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January 17, 2007

First Steps, Again

I started making a ballet today again for the first time in over three years.

It started with a series of emails in October. Mary, one of the dancers I’ve made the most ballets on, sent me an email saying she had talked to Frankie (another classmate who also worked with me) and they had got to talking about how they missed working with me and that they had decided I needed to do a pas de deux for them before they got too old to do one anymore.

Yes, it made my day.

The hardest thing for all of us at our ages isn’t body issues – both of them at least are in unnaturally good shape. It’s our schedules. It took several months to find time we all were free to work together. I blocked off Wednesday nights and finally once Nutcrackers and the holidays were out of the way we got together.

It’s nice to work with friends and contemporaries. Frankie and Mary are still in good shape, but we have experiences in common as well as training and colleagues. I know how the two of them move and how they think. It makes things very comfortable, though it doesn’t make me feel any less rusty. Steps, what are those?

I had been joking with Mary for years that I was going to make a ballet for her loosely inspired by the character of the child vampire in Anne Rice’s novels. When she and Frankie approached me (both of them seemingly, and irritatingly, ageless – Bitches. I hate them.) it seemed like the right time to do it. I’ve never made a narrative work before. Because I was too lazy to find music that perfectly fit the plotline (and because I like it when people get to work) I asked Eddie Guttman, who made the cello solo for Equilibrium in 2002, to compose a piano score. He’s out of town; we’ll hear fragments next week.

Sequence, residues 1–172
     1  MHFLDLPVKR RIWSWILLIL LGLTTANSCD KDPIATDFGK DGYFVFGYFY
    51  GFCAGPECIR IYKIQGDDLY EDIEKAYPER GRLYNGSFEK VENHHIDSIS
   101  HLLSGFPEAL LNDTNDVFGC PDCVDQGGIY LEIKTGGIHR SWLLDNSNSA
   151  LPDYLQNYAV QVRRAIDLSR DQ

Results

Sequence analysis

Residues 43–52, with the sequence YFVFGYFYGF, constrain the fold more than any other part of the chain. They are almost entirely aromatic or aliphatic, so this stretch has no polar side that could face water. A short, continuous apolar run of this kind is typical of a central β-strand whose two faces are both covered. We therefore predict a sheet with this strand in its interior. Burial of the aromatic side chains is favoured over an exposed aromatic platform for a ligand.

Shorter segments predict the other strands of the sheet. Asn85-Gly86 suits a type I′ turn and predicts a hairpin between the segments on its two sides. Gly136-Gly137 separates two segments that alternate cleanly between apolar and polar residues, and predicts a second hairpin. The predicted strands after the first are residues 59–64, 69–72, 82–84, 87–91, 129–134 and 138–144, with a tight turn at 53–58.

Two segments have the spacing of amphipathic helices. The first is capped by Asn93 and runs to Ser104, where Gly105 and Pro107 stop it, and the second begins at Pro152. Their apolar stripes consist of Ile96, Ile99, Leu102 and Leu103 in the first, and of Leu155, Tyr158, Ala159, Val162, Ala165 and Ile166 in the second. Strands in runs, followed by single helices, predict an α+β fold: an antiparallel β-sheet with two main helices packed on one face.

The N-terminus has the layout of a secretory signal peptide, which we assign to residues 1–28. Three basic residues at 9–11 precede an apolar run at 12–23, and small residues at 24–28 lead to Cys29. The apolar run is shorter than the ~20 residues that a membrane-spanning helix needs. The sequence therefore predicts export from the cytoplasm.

To give everyone (especially me) a chance to ease into things, and because it’s hard to make real progress without a score, we worked tonight mostly on plot, character and motivation. Who these people are; what brings a seemingly young girl and an older man into the same deserted alley late at night. It’s interesting to see how motivation inspires and enriches movement – you touch someone’s head differently when you decide that the reason you’re doing it is to check for a bruise or cut. The interesting part is to then translate back this movement to ballet vocabulary. Rising onto pointe will be an important part of how to communicate this little girl is not what she seems – little girls can’t rise onto the tips of their toes.

What feels most different is there was no build up to rehearsal. With Dance as Ever there was so much preparation involved, and much of it was administrative. There’s only so much artistic preparation I can do before I walk into a studio – it still feels made up on the spot. I can’t prechoreograph. This is far more casual; there’s no performance date, and no music either (yet). I’ve deliberately not worried about finding a venue; I don’t mind being released from the ambition and hopes I had when I was younger. It’s just three friends in the studio, working.

Posted by Leigh Witchel at January 17, 2007 11:04 PM

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That sounds pretty cool. Even for someone who knows next to nothing about ballet.

Posted by: JoVE at January 18, 2007 9:17 AM

Leigh, this is so incredibly wonderful. I've been worrying for a while now that you weren't making any dance, wondering how long you could go. I know the inherent challenges (both in term of schedule and finance) of hiring, rehearsing and costuming a company, of preparing for a specific performance date, and of doing promotion and fundraising on top of all the artistic work. How wonderful that you are choreographing without all the distracting business-related distractions. I know you usually start by listening to the music over and over until you know it inside out. Bit of a change this, eh?


Posted by: Margaret at January 20, 2007 8:18 PM

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